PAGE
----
From the fall of 2004 through 2006, the report said, NASA's public affairs office "managed the topic of climate change in a manner that reduced, marginalized, or mischaracterized climate change science made available to the general public." It noted elsewhere that "news releases in the areas of climate change suffered from inaccuracy, factual insufficiency, and scientific dilution."But they didn't mess with the papers sent to scientific journals.
This was a pretty shrewd move. It's the public that really counts, ultimately in the votes, but also in the letters to Congress and a myriad small ways, when you're making policy.
The science of climate change gets complicated pretty quickly. More carbon dioxide equals more warming overall. But then there are lots of buts: might be warmer in some places, some years, cooler in others. Rainfall may increase or decrease. Glaciers and sea ice seem to be melting faster than anyone expected. All this is much, much harder to explain in a few words. The science depends on very complex simulation models that themselves contain lots of ifs, ands, and buts. So the models are compared with each other. All this can look very subjective, particularly if you're opposed to the results and want to undermine them.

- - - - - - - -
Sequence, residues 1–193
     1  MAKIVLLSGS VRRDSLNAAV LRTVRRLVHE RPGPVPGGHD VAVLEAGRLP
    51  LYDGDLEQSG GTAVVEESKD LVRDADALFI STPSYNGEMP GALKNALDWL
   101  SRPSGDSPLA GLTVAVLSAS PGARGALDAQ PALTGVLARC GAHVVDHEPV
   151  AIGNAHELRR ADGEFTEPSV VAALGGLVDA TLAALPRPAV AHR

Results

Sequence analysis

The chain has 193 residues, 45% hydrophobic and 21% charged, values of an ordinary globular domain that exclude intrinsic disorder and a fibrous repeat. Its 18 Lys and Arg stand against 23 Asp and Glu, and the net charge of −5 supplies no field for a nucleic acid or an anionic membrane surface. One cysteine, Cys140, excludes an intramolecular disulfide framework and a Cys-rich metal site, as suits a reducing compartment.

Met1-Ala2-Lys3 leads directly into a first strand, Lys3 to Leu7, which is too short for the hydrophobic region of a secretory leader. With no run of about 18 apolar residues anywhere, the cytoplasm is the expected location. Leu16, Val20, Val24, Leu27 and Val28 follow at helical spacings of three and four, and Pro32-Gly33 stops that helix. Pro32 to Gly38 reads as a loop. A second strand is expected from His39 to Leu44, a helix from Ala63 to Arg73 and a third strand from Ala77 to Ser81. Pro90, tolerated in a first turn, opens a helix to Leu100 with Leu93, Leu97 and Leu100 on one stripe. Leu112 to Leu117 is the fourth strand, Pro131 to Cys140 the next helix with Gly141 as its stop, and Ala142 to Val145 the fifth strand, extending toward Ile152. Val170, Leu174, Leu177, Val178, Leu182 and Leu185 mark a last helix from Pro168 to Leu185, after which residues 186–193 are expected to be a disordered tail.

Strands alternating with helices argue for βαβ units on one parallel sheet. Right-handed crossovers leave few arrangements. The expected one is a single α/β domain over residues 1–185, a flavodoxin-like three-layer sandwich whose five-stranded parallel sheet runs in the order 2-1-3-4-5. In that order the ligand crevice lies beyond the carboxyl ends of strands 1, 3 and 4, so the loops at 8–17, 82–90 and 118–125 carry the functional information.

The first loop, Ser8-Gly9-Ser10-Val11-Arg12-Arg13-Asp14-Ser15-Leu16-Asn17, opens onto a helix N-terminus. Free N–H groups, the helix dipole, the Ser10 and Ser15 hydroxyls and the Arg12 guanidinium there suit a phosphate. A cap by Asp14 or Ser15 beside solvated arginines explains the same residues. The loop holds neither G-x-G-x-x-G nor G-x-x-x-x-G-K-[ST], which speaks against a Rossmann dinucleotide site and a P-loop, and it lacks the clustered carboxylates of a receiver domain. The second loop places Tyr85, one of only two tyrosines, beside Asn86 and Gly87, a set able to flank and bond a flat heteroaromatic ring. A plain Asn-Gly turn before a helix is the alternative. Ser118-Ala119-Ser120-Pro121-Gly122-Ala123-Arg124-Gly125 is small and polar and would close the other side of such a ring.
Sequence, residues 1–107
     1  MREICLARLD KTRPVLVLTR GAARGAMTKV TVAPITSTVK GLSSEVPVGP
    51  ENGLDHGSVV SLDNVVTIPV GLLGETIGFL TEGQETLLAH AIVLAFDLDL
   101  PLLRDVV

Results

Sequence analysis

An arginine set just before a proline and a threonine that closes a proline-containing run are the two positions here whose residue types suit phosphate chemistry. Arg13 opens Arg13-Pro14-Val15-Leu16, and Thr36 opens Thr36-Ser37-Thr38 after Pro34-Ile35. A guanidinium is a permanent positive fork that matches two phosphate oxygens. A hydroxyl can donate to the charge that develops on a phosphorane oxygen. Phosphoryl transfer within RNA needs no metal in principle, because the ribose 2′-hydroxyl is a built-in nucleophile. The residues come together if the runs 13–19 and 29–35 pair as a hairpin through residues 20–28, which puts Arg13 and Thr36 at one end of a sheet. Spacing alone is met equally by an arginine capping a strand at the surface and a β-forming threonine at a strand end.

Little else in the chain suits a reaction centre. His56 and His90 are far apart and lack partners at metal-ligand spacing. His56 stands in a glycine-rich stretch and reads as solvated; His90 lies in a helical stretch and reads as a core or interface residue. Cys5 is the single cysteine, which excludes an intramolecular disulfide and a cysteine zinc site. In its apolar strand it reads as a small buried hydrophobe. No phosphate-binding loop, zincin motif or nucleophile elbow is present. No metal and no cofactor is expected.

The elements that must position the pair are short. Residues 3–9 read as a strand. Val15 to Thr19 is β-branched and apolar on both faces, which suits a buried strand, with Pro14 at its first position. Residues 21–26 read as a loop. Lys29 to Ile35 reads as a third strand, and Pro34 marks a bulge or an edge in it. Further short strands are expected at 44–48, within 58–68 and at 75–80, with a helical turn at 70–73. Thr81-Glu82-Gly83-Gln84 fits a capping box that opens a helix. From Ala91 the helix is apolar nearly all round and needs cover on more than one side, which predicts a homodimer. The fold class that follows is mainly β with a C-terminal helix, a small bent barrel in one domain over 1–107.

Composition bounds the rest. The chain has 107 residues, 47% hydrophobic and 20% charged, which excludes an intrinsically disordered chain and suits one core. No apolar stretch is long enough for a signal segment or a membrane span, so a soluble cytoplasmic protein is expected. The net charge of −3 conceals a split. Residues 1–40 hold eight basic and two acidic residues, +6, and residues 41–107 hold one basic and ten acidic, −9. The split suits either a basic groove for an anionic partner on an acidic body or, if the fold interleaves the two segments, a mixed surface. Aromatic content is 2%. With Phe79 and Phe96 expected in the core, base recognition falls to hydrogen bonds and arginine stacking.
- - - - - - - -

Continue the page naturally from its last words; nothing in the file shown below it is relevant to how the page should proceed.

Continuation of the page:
I've worked with models like those used in climate modeling. I don't know an easy way to talk about them.
The important question, though, is the one that I've been wanting to ask of Kevin's vast and distinguished audience: Do you think you understand climate change, global warming, well enough to make your voting and consumer decisions?